AMANPOUR: Can you, in our last 45 seconds, tell us what you're working on next? What is your next story, or is that a closely guarded secret?

SHAFAK: When I finish the novel, I don't immediately start another one. There's a pendulum for me. You know, I become a more normal or social human

being when the novel is over. Because I'm an introvert by nature, I read, I only read and listen. I think as writers, we need to be good readers and

good listeners and see what the universe is telling me and what kind of story it's going to bring me. So at the moment, I'm just reading.

AMANPOUR: Well, that's a good place to be Elif. Thank you so much for joining us.

Now, our next guest is the anti-racist educator Robin DiAngelo, famed for her best selling book, "White Fragility". DiAngelo's work aims to educate

white progressives on the part they play within a racist culture. It's the theme she continues in her newest book, "Nice Racism". And here she is

explaining her work and the criticism that's been leveled against her to Michel Martin.

MICHEL MARTIN, ABC NEWS CORRESPONDENT Thanks, Christiane. Robin DiAngelo, thank you so much for joining us once again.

ROBIN DIANGELO, AUTHOR, "NICE RACISM": I'm so happy to be with you, Michel. Your first book, "White Fragility" was published when, I think, June of --


MARTIN: -- 2018. It spent more than a year on the bestseller lists. There was another resurgence of interest after last summer social justice

protests, your latest book, "Nice Racism". What is this book do, the second book do that the first one did not? What was your goal with this one?

DIANGELO: The first book set out to establish the existence of systemic racism. This book starts from that premise. It starts with the assumption

that my readers are with me. I'm not having to prove the existence of systemic racism and they want a deeper dive. There was a very provocative

question, or excuse me, statement that I made in "White Fragility" that I get asked about a lot, and that is that white progressives may, in fact,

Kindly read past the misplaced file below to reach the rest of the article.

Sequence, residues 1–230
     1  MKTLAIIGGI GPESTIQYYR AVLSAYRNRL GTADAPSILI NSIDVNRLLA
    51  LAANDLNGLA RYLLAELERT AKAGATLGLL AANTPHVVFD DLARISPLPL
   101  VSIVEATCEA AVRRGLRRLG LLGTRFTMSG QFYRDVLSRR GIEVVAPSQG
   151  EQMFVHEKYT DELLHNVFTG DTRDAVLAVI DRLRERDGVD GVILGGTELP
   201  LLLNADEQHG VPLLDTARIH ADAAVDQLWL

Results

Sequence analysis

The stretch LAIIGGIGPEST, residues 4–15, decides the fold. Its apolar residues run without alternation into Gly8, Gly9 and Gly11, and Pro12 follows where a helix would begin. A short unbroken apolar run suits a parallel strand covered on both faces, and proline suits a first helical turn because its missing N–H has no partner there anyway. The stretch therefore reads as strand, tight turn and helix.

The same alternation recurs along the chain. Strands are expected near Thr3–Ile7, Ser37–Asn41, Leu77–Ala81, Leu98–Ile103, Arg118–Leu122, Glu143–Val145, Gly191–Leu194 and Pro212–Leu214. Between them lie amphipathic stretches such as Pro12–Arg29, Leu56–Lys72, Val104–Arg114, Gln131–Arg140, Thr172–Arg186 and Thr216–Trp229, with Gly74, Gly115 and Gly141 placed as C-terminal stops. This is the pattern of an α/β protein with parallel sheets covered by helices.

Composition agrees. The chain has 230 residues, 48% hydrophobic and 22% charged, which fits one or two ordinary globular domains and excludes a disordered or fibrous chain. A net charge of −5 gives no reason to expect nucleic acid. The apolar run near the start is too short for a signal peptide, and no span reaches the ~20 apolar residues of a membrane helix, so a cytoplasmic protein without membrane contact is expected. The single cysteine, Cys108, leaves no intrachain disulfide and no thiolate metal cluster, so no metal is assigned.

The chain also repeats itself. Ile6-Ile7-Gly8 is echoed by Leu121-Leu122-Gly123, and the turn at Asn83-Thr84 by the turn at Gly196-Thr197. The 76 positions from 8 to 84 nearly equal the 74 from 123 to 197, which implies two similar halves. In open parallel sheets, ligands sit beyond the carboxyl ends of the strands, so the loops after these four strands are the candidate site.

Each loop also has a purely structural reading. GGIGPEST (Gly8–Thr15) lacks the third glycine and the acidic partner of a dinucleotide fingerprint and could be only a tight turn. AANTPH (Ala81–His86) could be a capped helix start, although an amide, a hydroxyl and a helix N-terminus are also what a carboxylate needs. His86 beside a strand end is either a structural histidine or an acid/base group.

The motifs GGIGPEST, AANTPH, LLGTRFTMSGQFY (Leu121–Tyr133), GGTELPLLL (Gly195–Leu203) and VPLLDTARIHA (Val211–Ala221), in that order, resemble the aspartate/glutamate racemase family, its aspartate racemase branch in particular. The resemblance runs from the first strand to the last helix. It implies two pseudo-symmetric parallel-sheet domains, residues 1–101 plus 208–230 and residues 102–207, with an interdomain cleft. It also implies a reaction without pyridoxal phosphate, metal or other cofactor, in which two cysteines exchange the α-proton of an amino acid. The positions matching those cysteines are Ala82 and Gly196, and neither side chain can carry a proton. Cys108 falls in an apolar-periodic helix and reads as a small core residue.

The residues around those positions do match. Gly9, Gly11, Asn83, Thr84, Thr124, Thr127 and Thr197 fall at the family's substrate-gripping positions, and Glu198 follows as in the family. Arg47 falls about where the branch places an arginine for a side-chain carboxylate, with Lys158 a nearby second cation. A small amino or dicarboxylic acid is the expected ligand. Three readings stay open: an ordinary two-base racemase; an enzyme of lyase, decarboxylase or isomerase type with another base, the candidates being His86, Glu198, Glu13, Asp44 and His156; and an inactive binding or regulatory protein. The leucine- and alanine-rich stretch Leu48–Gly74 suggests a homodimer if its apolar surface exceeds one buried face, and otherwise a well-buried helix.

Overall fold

cause the most daily harm across race. And this book set out to answer how we do that.

MARTIN: Why nice racism? What's nice racism?

DIANGELO: Well, I hope that it grabs your attention because it seems like an oxymoron. But it's the kind of racism that is behind a smile, or the

assumption that the presence of niceness or a culture of niceness is an indication of the absence of racism.

And I would argue that racism can and does flourish in a culture of niceness, because culture of niceness tends to be one that assumes the

white experience as universal. It's a conflict avoidant culture where issues that cause discomfort are seen as some kind of breach in the social

contract. It tends to be more passive aggressive, and just harder to get your hands on, there's more gaslighting. It's the more subtle end of that

continuum of racism.

MARTIN: One of the things that I found striking about the book is really at the very beginning, your argument is that actually you think kind of nice

racism causes more daily harm to people of color than the sort of overt aggressive kind. So tell me why you say that nice racism is actually you

think on a day-to-day basis could be more pernicious.

DIANGELO: Yes, and insidious. Let me be clear, not to downplay the impact of really explicit racism and the impact of voter suppression and the legal

blocking of us being able to just acknowledge the existence of racism is a very, very serious, very powerful and effective backlash. But it's easy to